Sainsbury's Anniversary Games 2013: Must-See Showdowns on Day 2

Use your ← → (arrow) keys to browse more stories
Sainsbury's Anniversary Games 2013: Must-See Showdowns on Day 2
Alexander Hassenstein/Getty Images

Athletics needed a lift after the depressing revelations surrounding Tyson Gay, Asafa Powell and Sherone Simpson. Last night at the Sainsbury’s Anniversary Games, it got exactly that.

Unsurprisingly, Usain Bolt was the standout performer at London’s Olympic Stadium, as he finished strongly to take the 100m in a season’s best 9.85 seconds, but there were strong performances across the programme.

Ukrainian Bohdan Bondarenko almost smashed one of athletics’ oldest world records when he agonisingly clipped the high jump bar while attempting a leap of 2.47 metres and Cuba’s Yarisley Silva set a new Diamond League best in the pole vault.

With plenty of quality action yet to unfold, let’s take a look at the must-see events for Day 2.

 

Women’s 100 Metre Hurdles

Arguably the hardest race to predict of the whole event. Any one of five women could win, with American Kellie Wells being the slight favourite despite running slower than compatriot Nia Ali this season.

Sally Pearson has struggled for form since obliterating the Olympic record to win gold at London 2012, but is firmly proven on the big stage. If she’s in contention around hurdle eight than her experience can carry her across the line in first.

But the two outsiders for success are home favourites Tiffany Porter and Olympic heptathlon champion Jessica Ennis-Hill. Porter has consistently run within two tenths of her personal best in 2013 and, on a fast track, will be desperate to make up for the disappointment of missing out on the Olympic final last year.

Ennis-Hill might be a multi-eventer but she is lightning over the hurdles. She clocked 12.54 seconds over the barriers in London 2012 during the heptathlon, a time that would have got her fourth in the actual 100m hurdles final—just six hundredths off an Olympic medal.

Injury has plagued her in 2013 though, and this race might be treated as a sighter ahead of the World Championships in Moscow.

 

Men’s 3000 Metres

David Moorcroft’s British record of seven minutes 32 seconds is under serious threat. Mo Farah returns to the track where he asserted himself as an endurance great by winning double Olympic gold and will now attempt to immortalise himself further by beating Moorcroft’s time from 31 years ago.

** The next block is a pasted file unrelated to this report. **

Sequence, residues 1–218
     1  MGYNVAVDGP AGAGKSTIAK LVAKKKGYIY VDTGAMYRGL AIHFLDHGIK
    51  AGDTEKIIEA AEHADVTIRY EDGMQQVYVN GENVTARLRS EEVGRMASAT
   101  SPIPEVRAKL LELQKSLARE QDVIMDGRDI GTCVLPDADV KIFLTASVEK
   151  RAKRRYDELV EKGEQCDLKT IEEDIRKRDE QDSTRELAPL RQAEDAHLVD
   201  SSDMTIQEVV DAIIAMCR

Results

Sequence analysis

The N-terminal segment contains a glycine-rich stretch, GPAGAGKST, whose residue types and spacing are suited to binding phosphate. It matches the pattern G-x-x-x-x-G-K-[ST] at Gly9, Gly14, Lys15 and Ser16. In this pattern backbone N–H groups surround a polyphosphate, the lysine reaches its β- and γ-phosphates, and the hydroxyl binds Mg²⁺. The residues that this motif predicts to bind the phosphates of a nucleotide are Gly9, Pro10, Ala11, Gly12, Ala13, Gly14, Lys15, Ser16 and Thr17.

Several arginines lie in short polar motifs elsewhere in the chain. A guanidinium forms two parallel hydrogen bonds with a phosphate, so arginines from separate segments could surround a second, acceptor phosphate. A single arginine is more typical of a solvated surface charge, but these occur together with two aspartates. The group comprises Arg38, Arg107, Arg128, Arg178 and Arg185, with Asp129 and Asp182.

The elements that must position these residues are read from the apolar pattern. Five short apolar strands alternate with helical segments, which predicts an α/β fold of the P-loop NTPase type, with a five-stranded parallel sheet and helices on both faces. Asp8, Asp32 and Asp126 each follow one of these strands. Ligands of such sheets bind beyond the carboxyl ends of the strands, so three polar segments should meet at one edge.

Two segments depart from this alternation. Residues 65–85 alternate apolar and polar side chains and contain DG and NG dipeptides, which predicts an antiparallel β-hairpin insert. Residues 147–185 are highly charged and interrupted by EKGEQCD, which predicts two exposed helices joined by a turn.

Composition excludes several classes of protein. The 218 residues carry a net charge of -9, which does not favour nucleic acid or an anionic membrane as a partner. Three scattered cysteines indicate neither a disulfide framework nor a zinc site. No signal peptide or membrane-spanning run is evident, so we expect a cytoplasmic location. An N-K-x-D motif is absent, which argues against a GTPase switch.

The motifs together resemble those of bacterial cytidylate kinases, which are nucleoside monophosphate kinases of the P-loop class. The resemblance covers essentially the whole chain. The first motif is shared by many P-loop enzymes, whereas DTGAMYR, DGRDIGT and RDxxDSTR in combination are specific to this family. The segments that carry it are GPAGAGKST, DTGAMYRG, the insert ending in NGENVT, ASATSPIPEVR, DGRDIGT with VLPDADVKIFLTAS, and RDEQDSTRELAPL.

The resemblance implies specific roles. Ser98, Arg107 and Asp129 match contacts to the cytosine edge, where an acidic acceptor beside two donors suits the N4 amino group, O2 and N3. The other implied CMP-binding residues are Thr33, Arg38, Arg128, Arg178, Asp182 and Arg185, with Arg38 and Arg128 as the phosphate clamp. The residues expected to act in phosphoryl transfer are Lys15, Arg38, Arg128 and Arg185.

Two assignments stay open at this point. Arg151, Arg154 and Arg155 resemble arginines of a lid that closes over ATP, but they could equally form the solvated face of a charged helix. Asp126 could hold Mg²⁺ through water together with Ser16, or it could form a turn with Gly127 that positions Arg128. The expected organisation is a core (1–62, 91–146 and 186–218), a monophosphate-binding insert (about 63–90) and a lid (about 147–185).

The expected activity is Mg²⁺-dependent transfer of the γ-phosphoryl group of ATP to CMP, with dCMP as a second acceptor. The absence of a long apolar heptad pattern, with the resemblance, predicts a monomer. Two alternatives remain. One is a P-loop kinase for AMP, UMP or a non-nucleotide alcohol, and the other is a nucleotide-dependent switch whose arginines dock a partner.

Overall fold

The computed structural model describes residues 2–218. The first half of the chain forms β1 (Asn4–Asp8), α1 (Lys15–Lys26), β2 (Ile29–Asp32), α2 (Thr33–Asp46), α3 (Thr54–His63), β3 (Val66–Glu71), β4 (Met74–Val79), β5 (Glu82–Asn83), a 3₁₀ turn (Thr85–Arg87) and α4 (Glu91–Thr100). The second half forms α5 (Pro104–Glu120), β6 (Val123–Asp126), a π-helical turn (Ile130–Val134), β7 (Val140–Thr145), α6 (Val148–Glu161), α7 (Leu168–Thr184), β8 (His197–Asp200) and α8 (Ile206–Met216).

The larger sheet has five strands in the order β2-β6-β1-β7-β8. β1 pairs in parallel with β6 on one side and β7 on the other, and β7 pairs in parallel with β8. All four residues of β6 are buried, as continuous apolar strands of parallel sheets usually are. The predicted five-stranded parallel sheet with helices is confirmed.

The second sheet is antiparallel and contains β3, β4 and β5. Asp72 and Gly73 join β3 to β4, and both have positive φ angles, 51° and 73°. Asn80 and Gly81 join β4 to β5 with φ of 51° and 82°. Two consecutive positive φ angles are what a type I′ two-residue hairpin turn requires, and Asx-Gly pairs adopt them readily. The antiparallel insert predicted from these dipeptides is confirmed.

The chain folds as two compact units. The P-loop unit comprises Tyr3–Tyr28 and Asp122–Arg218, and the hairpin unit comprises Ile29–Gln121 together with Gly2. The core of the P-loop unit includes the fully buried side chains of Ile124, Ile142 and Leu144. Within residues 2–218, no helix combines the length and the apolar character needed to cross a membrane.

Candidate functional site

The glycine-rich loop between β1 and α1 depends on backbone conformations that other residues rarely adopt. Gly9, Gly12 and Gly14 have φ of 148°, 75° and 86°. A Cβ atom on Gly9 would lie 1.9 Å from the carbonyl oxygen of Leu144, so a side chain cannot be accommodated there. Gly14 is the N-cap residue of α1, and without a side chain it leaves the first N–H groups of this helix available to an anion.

Farah proved in Monaco that he has the speed to deliver quick times after smashing Steve Cram’s 1500m UK record last week. He now holds the British records for 1500m, 5000m, 10,000m and the half-marathon. The 3000m is surely next, before he attempts the gruelling 26.2 mile marathon in London next year.

Don’t expect the Brit to have it all his own way though. He’ll face stiff competition from Ethiopian Tariku Bekele, brother of long-distance legend Kenenisa, who finished third behind Farah in the 10,000m at London 2012.

Bekele is the fastest man in the field on paper, but he’s barely raced in 2013 and it’s therefore very hard to judge what sort of shape he’s in.

If the race starts at a sluggish tempo, expect middle-distance specialist Ismael Kipngetich Kombich to be in the mix. The Kenyan has a lightning finish but whether it’ll rival Farah’s remains to be seen.

 

Men’s 400 Metre Hurdles

Javier Culson dominated the build-up to London 2012 and the gold medal looked set to hang from the Puerto Rican’s shoulders. But he could only muster bronze when it mattered as Dominican Republic’s Felix Sanchez and America’s Michael Tinsley claimed the podium’s top two spots.

Culson is reunited with the pair who crushed his Olympic dreams over the hurdles and will be looking for a small dose of retribution at the Sainsbury’s Anniversary Games.

World leader Tinsley is probably favourite, but the margins are going to be so fine that whoever can clear the final hurdle smoothly will run through to take victory.

American duo Johnny Dutch and Bershawn Jackson are also quality hurdlers more than capable of winning this race, so picking a winner is no easy task.

Load More Stories

Follow B/R on Facebook

Olympics

Subscribe Now

We will never share your email address

Thanks for signing up.